Comparison of iCluster with Asian and pancancer data

To compare molecular subtypes between existing human populations, the Chinese Prostate Cancer Genome and Epigenome Atlas (CPGEA, PRJCA001124)11 was merged and processed with our integrative clustering analysis on the three data types described above, with some modifications. In addition, we used data from the PCAWG consortium13 to define molecular subtypes across different ethnic groups in other cancer types using published data on somatic mutations, SV and GISTIC results by gene. Four types of cancer including breast, liver, ovarian and pancreatic cancers were considered due to existing primary ancestries of African, Asian and European with a contribution of at least 70%. Full details are provided in Supplementary Information 8.4.

PCAWG13 participants with prostate cancer were retrieved for comparison to Australian data with clinical follow-up. Only those with more than 90% European ancestry (not= 139) were analyzed for the three types of iCluster subtyping genomic data, as well as individual consensus clustering. Grouping results identical to the larger cohort size mentioned above were chosen for the association analyses. Differences in participants’ biochemical relapse and fatal prostate cancer across subtypes were assessed using the Kaplan-Meier diagram followed by a log-rank test for significance.

Analysis of mutational signatures

Mutational signatures (SBS, DBS, and indels), as defined by the PCAWG Mutational Signatures Working Group3were fitted to individual tumors with observed signature activities using SigProfiler46. Non-negative matrix factorization was implemented to detect de novo and global signature profiles in 183 patients and their contributions. Novel signatures of mutational genome rearrangement (CN and SV) were also performed using non-negative matrix factorization, with 45 CN and 44 SV features examined across 183 tumors. We followed the PCAWG working classification and annotation scheme for genomic rearrangement26. Two SV callers were used to get the exact coordinates of the breakpoint. Replication synchronization scores influencing SV detection were set at >75, 20–75, and 47. Full details of relevant analysis steps, parameters and statistical tests are provided in Supplementary Information 9.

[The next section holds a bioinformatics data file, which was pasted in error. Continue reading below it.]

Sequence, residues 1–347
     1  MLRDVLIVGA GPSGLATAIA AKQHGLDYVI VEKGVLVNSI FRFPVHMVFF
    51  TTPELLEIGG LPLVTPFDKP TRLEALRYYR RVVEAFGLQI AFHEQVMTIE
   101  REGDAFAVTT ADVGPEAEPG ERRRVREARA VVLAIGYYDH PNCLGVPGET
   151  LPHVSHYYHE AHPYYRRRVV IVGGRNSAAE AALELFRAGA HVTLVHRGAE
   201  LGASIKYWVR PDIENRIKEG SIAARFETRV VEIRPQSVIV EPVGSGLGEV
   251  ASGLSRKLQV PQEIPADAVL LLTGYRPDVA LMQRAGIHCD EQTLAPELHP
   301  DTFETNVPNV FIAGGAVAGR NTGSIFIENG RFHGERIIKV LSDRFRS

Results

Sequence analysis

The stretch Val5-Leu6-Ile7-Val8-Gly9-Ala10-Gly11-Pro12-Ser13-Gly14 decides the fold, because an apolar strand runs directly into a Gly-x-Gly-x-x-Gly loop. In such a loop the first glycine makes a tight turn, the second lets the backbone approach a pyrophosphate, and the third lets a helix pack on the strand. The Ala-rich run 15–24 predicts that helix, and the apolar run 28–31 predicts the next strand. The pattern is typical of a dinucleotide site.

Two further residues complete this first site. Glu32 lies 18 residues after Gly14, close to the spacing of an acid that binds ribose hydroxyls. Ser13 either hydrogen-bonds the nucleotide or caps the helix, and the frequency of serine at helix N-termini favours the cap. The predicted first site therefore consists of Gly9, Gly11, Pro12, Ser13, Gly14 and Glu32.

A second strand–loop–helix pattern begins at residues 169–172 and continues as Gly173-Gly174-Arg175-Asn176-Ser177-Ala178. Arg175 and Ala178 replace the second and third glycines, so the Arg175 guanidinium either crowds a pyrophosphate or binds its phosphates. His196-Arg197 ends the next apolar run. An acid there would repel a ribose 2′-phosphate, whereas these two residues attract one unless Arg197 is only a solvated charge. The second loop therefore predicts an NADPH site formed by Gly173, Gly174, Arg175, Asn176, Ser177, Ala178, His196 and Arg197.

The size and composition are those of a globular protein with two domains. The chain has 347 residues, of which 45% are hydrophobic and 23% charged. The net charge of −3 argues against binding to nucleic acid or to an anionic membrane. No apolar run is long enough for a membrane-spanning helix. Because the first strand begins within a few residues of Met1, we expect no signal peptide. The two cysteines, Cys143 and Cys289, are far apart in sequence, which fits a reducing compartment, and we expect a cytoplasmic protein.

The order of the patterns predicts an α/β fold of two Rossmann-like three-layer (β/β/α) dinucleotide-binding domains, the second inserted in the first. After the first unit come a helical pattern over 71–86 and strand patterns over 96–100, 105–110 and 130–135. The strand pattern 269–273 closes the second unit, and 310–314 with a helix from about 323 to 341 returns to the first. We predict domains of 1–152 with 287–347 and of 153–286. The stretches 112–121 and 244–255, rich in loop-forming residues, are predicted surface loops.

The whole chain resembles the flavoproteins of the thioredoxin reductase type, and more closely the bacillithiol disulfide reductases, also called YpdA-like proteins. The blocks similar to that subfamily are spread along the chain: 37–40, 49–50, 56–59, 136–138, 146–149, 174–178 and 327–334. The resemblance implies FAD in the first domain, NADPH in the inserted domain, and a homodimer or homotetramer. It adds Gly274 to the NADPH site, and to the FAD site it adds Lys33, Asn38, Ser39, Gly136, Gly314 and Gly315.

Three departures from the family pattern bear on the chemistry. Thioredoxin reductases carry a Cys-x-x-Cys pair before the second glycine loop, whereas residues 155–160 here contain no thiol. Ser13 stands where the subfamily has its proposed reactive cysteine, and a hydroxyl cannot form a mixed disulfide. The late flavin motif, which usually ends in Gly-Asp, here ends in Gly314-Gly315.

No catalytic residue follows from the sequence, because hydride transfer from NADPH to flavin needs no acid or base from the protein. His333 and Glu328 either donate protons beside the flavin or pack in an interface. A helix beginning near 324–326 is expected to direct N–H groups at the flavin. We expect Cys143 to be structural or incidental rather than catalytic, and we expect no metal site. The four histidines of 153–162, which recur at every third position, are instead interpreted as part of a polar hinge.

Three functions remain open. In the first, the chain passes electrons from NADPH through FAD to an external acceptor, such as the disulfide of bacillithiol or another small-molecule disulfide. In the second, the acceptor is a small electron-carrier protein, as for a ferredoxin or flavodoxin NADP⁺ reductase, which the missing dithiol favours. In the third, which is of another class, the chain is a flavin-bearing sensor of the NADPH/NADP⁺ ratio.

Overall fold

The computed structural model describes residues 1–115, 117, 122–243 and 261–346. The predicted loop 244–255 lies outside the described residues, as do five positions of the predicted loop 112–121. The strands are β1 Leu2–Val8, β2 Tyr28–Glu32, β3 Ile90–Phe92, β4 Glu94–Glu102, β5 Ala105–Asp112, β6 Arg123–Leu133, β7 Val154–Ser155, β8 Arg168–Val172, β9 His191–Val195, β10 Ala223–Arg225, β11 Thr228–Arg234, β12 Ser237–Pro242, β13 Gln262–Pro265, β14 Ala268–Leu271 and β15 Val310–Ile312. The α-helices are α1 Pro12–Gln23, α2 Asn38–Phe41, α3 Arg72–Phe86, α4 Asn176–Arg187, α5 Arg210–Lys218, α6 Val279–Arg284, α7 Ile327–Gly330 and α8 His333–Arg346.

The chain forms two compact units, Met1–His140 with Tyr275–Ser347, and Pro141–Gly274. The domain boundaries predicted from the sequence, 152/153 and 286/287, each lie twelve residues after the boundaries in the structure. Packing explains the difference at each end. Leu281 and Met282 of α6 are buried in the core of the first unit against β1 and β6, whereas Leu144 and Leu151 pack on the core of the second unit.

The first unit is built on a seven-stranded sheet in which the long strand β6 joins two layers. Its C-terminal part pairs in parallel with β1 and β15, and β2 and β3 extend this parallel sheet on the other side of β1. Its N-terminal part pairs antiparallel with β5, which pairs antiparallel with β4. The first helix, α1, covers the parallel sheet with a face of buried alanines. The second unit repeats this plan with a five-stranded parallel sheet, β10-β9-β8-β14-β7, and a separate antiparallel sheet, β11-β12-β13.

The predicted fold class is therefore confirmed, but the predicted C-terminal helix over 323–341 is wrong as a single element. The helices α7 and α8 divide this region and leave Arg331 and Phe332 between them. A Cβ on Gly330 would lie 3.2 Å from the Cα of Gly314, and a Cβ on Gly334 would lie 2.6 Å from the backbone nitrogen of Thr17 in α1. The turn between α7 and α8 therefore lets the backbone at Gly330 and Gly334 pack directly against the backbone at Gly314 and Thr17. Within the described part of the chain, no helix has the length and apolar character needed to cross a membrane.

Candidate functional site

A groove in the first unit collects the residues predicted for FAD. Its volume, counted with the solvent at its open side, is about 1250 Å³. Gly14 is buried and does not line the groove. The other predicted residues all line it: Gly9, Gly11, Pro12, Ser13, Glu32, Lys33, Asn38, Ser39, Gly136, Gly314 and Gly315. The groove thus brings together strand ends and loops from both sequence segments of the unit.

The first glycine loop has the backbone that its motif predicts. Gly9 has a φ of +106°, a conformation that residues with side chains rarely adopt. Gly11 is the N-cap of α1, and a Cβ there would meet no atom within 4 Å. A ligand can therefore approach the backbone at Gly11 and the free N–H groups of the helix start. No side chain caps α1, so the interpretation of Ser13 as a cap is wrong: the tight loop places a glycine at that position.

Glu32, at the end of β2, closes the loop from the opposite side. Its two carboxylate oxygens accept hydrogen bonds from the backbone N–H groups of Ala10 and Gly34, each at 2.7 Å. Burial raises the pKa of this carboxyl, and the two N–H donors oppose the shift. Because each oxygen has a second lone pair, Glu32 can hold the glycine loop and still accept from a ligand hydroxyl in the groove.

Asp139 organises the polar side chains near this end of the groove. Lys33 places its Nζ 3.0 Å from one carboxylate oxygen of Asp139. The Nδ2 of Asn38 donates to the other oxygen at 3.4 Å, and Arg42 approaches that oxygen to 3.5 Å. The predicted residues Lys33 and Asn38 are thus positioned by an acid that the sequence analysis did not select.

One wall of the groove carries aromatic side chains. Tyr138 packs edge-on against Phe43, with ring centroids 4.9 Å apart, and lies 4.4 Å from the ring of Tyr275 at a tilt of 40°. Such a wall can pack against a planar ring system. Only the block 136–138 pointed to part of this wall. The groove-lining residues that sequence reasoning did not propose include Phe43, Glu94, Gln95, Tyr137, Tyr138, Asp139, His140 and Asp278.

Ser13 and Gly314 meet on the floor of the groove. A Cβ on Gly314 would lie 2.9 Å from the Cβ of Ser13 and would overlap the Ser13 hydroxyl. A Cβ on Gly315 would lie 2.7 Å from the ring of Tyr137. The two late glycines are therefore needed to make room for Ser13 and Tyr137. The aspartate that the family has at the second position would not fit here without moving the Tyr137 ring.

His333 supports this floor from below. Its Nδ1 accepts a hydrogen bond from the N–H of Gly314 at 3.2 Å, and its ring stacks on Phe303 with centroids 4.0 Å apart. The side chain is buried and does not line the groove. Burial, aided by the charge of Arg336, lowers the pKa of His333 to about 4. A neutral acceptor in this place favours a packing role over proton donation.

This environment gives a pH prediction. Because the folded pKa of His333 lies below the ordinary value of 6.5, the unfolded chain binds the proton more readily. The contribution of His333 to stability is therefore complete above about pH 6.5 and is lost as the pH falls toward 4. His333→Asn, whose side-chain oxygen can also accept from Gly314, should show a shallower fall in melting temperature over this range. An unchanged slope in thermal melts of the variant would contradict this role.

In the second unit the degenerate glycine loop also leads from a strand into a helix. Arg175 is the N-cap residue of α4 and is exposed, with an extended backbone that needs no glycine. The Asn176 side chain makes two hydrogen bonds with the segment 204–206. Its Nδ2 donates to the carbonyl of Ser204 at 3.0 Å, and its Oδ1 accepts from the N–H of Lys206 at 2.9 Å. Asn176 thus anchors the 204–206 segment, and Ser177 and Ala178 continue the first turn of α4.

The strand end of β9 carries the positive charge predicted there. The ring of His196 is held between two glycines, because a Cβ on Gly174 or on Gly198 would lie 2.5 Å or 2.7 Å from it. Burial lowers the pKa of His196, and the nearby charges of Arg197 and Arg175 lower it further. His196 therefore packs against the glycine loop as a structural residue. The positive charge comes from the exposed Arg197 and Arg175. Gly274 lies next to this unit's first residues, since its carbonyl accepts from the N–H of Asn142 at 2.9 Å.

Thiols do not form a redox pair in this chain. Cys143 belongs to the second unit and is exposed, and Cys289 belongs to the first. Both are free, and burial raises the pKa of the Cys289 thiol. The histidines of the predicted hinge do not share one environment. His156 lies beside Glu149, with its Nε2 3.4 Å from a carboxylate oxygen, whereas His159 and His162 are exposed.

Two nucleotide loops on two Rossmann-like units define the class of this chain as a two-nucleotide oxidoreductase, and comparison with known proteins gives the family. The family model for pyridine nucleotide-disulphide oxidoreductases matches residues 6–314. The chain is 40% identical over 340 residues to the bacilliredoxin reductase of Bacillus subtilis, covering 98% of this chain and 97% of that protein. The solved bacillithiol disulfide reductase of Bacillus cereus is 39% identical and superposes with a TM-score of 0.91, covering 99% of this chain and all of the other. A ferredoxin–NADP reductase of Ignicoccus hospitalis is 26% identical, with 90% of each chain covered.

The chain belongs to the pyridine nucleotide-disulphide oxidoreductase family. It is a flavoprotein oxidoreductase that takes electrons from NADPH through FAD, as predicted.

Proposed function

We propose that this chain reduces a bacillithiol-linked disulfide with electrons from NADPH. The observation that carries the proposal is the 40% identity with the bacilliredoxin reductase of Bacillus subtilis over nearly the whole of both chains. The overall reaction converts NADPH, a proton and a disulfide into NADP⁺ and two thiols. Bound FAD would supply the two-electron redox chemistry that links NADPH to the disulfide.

Reconstruction of cancer timelines

Synchronization of CN gains and driver mutations (SNV and indels) in four epochs of cancer progression (early clonal, unspecified clonal, late clonal and subclonal) was performed using MutationTimeR24. CN gains including 2+0, 2+1, and 2+2 (1+1 for a diploid genome) were taken into account for a clearer boundary between epochs instead of only variant allele frequency information . Confidence intervals (youheyyouat the top) for time estimates were calculated with 200 bootstraps. Mutation rates for each subtype were calculated according to ref. 24 so CpG to TpG mutations were counted for analysis because they were attributed to spontaneous deamination of 5-methyl-cytosine to thymine at CpG dinucleotides, thereby acting as a molecular clock.

The relative ordering of the league model was performed to aggregate all study samples to calculate the overall ranking of driver mutations and recurrent NACs. Information for ranking was derived from the timing of each driver mutation and that of the clonal and subclonal CN segments, as described above. A full description is provided in Supplementary Information 10.

Summary of reports

Further information on the research design can be found in the summary of nature research reports linked to this article.